The suburban-built environment whitewashes the violence and theft on which Canada is built.
Contending with Canada’s history means acknowledging different versions of the truth. Toppling statues won’t resolve the wrongs of the past — education is an important part of democracy and inclusion.
As the one-year anniversary of the World Health Organization’s declaration of a pandemic approaches, it might be time to consider how our modern age wants to remember this plague.
US monuments and memorials have overlooked frontline workers and people of color affected by past epidemics. Will we repeat history?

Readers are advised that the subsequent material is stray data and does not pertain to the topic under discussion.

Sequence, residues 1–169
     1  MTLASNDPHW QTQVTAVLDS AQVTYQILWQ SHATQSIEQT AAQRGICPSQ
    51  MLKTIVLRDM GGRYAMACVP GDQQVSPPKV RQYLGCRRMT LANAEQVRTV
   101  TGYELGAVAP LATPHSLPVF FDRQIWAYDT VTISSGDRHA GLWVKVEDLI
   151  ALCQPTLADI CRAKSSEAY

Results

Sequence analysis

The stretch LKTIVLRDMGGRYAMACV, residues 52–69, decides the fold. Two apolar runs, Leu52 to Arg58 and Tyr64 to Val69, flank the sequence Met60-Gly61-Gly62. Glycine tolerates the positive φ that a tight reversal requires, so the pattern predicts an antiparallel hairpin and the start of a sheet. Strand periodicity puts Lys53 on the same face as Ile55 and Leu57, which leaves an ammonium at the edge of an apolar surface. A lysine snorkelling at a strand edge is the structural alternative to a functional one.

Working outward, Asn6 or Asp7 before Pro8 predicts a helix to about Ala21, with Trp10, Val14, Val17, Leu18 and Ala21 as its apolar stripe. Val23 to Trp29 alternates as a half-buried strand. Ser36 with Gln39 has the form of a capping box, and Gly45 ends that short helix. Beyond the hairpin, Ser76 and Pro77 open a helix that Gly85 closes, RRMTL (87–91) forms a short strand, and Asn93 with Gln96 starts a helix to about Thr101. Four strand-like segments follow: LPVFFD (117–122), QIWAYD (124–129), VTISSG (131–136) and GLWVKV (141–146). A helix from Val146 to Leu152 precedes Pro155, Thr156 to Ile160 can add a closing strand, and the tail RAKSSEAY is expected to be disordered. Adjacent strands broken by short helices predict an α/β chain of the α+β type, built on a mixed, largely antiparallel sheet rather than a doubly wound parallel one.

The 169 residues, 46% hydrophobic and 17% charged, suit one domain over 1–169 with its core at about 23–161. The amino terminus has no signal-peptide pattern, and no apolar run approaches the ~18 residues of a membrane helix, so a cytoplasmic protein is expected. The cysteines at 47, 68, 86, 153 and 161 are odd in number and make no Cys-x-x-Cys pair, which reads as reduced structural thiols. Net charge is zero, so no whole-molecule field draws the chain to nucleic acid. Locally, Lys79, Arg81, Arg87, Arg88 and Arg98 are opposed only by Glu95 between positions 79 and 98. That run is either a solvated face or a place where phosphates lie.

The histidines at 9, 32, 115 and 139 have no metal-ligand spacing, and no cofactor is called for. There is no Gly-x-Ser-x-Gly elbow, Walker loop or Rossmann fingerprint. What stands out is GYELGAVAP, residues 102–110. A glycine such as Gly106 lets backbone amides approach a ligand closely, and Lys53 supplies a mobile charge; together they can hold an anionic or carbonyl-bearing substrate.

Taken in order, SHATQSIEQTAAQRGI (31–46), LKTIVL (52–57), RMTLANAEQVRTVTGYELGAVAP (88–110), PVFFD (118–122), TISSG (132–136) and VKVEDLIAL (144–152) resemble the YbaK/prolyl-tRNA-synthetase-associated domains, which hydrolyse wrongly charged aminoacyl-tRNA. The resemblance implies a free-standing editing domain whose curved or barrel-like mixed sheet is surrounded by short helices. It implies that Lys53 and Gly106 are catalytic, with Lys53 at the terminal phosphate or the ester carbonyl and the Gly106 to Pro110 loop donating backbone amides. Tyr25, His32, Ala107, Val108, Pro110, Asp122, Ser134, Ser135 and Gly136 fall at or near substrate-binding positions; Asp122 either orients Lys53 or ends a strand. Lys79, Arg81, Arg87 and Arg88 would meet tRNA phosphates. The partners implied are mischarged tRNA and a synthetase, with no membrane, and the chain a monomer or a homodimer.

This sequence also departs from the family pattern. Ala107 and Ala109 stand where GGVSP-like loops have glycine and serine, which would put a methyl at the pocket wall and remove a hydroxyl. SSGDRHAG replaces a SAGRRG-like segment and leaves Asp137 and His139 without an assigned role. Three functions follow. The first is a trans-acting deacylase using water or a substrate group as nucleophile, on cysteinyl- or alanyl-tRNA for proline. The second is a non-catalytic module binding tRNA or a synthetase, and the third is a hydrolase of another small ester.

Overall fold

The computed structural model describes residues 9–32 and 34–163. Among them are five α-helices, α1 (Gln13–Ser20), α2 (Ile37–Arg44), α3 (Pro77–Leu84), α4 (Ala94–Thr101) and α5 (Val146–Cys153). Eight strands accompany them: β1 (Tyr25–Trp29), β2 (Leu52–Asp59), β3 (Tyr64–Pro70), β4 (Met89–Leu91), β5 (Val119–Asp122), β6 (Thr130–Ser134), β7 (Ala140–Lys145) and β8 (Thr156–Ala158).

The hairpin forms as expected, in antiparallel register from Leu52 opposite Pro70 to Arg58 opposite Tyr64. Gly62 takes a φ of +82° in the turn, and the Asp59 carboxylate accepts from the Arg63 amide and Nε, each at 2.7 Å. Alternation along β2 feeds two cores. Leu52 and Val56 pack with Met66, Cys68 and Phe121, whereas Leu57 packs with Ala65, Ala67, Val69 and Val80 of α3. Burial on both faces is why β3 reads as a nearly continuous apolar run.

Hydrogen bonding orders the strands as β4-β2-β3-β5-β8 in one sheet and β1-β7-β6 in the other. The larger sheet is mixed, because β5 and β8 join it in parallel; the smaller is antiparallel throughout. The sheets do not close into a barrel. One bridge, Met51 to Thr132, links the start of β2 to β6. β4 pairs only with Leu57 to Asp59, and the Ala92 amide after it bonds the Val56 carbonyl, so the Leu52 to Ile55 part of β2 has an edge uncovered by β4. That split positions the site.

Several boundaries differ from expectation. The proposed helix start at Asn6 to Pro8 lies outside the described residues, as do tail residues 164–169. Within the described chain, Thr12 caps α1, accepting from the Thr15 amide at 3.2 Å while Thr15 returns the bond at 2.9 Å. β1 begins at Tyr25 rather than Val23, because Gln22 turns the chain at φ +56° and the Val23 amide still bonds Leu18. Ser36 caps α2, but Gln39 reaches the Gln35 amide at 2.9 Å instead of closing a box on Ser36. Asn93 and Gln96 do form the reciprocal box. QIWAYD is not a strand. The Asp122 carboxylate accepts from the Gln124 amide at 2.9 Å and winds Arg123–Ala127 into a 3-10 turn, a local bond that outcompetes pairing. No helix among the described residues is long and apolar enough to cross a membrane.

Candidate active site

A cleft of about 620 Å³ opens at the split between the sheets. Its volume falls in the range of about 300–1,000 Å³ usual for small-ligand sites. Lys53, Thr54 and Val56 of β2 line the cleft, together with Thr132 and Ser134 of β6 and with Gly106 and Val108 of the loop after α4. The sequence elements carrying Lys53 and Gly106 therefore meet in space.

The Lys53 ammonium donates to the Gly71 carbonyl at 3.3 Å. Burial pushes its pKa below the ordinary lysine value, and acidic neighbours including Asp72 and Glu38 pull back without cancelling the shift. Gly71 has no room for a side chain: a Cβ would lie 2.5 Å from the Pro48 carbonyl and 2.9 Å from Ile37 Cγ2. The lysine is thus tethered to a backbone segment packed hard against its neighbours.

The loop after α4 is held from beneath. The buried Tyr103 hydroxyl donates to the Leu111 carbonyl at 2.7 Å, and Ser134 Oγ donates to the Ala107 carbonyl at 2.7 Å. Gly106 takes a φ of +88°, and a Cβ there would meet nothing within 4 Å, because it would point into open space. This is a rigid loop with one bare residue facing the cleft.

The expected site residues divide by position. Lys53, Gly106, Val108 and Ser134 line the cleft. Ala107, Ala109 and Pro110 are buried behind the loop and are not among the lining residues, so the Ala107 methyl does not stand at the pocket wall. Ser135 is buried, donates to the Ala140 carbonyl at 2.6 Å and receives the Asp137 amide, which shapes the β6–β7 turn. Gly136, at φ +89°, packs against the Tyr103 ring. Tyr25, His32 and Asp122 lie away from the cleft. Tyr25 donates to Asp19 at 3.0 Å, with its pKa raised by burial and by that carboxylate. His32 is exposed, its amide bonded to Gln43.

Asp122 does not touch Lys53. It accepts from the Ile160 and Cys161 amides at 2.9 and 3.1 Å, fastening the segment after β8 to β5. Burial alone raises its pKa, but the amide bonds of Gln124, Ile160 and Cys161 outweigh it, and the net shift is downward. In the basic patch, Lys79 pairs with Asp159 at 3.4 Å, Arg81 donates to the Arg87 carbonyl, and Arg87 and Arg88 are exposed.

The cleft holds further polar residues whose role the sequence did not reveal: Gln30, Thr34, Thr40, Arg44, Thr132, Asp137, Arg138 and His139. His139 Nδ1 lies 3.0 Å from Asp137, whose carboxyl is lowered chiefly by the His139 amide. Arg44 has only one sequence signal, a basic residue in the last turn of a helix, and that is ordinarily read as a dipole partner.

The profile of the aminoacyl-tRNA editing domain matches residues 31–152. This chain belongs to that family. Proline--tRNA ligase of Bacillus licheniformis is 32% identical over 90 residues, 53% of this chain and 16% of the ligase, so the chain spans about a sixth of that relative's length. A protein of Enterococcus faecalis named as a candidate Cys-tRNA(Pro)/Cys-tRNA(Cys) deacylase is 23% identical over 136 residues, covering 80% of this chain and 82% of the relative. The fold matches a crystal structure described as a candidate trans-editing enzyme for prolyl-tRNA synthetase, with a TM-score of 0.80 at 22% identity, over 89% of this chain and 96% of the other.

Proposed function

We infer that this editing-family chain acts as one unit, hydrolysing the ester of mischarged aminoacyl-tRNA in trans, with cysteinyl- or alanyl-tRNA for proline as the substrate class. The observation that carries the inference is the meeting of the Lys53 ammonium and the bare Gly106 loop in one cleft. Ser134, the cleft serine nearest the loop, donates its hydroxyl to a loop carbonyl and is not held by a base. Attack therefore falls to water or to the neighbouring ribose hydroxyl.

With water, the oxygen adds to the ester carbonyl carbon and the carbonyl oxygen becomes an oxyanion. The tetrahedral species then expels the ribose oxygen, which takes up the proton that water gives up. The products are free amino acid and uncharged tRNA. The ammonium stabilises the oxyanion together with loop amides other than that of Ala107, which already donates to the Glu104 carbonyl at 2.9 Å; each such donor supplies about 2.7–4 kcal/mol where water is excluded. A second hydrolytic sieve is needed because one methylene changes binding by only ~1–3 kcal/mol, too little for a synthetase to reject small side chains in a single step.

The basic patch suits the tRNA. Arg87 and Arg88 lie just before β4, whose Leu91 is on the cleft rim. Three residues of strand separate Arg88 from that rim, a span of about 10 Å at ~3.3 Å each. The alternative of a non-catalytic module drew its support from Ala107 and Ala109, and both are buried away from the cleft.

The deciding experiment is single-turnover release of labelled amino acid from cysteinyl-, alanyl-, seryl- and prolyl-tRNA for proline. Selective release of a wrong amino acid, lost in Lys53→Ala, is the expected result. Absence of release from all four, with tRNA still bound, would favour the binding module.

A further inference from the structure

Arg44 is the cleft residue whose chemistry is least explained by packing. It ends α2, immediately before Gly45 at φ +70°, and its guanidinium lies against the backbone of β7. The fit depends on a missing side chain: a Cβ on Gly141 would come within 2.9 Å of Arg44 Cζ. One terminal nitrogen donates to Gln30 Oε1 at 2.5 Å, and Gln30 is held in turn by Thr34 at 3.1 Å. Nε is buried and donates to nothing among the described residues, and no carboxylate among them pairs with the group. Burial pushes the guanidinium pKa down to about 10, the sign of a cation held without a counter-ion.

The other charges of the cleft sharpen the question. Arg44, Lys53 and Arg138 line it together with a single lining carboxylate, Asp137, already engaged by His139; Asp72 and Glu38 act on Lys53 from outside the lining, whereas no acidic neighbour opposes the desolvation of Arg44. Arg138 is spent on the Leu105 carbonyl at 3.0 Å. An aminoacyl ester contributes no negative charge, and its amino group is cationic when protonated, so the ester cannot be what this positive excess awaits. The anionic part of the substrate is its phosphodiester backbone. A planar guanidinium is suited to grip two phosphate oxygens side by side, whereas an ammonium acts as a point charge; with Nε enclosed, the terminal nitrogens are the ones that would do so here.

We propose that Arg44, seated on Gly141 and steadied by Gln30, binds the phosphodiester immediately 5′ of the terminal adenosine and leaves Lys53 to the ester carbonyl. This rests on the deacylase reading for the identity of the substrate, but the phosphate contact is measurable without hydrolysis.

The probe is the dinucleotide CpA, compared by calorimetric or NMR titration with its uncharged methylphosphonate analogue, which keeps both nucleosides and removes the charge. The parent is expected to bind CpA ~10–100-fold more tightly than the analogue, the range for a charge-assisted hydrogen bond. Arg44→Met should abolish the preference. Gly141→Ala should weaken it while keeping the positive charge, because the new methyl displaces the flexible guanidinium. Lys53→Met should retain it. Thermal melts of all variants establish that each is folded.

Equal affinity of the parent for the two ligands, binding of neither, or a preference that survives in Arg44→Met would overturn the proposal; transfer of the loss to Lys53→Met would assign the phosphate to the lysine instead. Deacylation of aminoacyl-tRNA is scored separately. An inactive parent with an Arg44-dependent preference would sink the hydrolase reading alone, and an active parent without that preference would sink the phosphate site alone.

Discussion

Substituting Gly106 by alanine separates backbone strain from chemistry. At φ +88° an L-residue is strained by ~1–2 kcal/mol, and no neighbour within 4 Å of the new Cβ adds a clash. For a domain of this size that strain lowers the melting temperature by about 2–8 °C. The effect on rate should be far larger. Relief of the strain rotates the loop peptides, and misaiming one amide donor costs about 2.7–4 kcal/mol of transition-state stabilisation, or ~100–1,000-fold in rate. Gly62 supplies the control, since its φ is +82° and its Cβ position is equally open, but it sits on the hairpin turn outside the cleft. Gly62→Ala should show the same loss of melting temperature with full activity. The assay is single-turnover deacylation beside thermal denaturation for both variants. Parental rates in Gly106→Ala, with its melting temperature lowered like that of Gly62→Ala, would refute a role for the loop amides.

Once stripped of their symbolic power, problem monuments offer what educators call ‘teachable moments,’ helping people assess society’s current values and compare them with what mattered in the past.
Monuments are testaments to how a society wants to remember. Now is the time to ask which monuments can withstand introspection. Artists are opening those conversations – sometimes hilariously.
Statues and monuments have been used to present a revisionist history in which empire was great while omitting the violence they subvertly celebrate.